Review by Frank Plowright
Who’s Laughing Now? contains a vast amount of acerbic and scathing, yet very funny observation from Evan Dorkin, occasionally offering some pointed self-commentary. Circling the Drain is where the self-deprecation tipped over into self-loathing. It opens with a remarkable combination of two strips created four years apart. ‘What Does it Look Like I’m Doing’ begins with a page of doodles, and segues into a relatively feeble joke after which Dorkin addresses readers directly before a page of bleak single panel gags that he interrupts. Another strip is aborted before the admission of the sample page. A few more half-hearted attempts at gag strips follow before another page of addressing readers. It’s a sad and reflective piece about people providing the audience laughter on 1950s TV shows that grinds to a halt.
The following pages descend into Ivan Brunetti style desolation, as Dorkin pulls himself apart, using his Devil Puppet character as a way in to discussing depression, therapy, anxiety and how this results in a block preventing him working. The ideas are coming, but he can’t express them as before. He even draws an attempted suicide. It’s heartbreaking, harrowing and yet also, as comics, brilliant. A strip in Who’s Laughing Now? accused most autobiographical cartoonists of living dull lives and having nothing to say. Compared with this, perhaps that’s preferable.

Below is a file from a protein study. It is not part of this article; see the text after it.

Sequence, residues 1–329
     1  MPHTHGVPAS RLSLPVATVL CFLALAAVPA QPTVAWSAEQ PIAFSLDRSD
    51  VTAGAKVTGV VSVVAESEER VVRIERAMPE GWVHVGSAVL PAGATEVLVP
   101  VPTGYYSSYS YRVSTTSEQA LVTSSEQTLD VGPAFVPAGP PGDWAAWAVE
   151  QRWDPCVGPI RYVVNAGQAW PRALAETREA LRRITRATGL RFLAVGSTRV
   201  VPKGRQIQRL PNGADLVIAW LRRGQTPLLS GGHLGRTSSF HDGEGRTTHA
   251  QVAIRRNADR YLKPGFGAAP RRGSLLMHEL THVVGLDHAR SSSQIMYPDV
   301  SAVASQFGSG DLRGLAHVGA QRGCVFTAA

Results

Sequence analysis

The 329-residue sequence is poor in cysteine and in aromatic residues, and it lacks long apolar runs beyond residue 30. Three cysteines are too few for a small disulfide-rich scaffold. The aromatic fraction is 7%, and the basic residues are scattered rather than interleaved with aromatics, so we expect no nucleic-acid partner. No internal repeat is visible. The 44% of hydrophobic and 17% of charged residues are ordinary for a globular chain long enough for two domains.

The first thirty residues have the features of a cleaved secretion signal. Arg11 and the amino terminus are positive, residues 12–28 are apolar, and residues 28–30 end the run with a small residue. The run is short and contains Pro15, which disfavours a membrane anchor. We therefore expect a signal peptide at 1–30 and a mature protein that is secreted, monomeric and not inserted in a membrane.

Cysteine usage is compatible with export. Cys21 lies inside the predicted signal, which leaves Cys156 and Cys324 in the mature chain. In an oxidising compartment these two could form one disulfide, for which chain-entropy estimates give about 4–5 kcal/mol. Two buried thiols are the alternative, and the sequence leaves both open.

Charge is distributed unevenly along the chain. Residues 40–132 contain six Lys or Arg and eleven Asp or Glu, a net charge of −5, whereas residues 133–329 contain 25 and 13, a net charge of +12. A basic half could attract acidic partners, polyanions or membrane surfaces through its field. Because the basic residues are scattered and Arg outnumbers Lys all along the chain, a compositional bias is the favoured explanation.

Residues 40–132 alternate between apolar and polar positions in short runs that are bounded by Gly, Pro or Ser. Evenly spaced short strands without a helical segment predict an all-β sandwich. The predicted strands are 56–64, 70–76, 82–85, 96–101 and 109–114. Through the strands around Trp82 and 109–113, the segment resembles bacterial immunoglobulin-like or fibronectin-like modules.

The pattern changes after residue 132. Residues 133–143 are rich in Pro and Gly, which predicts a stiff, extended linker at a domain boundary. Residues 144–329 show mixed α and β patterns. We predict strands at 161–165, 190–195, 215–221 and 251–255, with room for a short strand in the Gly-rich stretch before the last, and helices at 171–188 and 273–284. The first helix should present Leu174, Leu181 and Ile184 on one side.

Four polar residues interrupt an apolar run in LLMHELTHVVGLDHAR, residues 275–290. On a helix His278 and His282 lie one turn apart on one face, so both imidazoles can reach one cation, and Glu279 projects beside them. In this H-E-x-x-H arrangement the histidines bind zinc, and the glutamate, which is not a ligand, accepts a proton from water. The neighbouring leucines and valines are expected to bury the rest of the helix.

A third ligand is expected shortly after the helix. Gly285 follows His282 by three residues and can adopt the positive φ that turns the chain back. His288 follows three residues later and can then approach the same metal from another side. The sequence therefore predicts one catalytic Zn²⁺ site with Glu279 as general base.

A further autobiographical strip is included, but otherwise the remaining content is much as we’d expect from the previous collection. There’s more ‘Murder Family’, the Devil Puppet strips are now titled ‘The Invisible College’ and there are dozens more single tier gag strips. The only real difference is that some strips are now in colour. This type of material was hilarious last time, and it’s still hilarious. Missing from the original comics are the Eltingville strips, some of Dorkin’s funniest work, about a group of obsessive fans. At the time a separate collection was planned, but it didn’t appear until 2019.
Rather than buying the two paperback collections now, a far better purchase is the reasonably priced Dork hardcover, containing all the material from both plus a substantial quantity of similar strips gathered from elsewhere.